Del Hayes Press

Ad Astra

Ad Astra

It's summer, 1940. America struggles to survive a devastating depression, and fears being pulled into the war engulfing Europe. Young Gene Stoddard is desperate, torn between his dream of becoming an airline pilot and his reality that the Depression has made that dream impossible. But on a broiling August Sunday, a Stearman biplane pilot descends into his life and shows him a way to live the life of his dream.

Sunday, December 7, 1941. War that seemed so distant, so unreal, suddenly engulfs America, and Gene Stoddard along with it. He soon finds himself at the controls of America’s newest air weapon, the magnificent B-17 Flying Fortress. Flying dangerous missions from jungle bases in the South Pacific, Gene knows that each time he takes off he is gaining valuable experience. He and his good buddy, Mike, imagine themselves flying passengers across America when the war ends.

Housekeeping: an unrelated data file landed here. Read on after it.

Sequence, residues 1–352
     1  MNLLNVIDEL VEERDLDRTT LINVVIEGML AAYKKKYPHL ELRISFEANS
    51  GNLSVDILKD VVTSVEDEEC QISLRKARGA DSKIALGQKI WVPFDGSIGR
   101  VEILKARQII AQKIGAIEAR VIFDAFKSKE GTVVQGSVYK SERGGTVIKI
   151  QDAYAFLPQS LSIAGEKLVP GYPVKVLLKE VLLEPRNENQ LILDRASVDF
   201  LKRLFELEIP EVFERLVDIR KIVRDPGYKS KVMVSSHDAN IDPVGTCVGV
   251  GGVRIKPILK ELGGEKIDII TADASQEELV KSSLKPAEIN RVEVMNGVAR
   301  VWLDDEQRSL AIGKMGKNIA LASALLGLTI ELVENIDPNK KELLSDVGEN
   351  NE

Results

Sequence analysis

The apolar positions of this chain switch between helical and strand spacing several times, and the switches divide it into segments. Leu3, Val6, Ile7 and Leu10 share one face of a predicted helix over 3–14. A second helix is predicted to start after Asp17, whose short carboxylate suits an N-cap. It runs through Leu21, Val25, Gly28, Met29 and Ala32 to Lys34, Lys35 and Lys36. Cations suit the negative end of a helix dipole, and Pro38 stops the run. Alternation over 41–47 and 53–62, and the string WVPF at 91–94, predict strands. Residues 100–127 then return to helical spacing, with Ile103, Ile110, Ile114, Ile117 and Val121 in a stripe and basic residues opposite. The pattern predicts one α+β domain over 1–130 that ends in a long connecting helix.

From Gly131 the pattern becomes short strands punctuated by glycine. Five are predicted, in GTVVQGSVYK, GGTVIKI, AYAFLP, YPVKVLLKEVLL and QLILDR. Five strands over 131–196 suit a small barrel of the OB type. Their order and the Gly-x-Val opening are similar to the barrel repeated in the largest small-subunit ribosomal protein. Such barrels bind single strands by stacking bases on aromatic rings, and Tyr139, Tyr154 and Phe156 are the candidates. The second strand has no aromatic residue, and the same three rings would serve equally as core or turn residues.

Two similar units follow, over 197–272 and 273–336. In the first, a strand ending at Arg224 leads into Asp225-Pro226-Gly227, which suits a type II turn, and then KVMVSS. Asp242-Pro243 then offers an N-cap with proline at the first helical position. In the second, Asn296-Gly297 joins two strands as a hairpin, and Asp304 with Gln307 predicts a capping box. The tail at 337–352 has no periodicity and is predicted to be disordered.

On a fateful day, Gene volunteers for a "suicide" mission. With no fighters to protect him and his crew, he is attacked by a swarm of enemy planes. Battling against all odds, the mighty Fortress somehow limps back to base. But Captain Stoddard is unconscious, barely alive, from severe wounds. He awakes in a hospital in Sydney. Standing next to him is Mattie, an attractive, young Aussie, a nurses’-aide.

As his wounds begin to heal, he learns his dream is lost. Lucky to be able to walk, he knows he will never fly again. For Eugene Stoddard, a life without flying seems a life hardly worth living. As Mattie assists Gene in recovering from his wounds, as he tries to deal with life as a “has-been pilot,” they fall inexorably in love.

As they try to establish a new life together, Gene finds the emotional loss of his old dream hard to bear, in spite of finding the dream of his life in Mattie. It takes the shock of nearly losing that dream to help Gene learn what truly makes life worth living.

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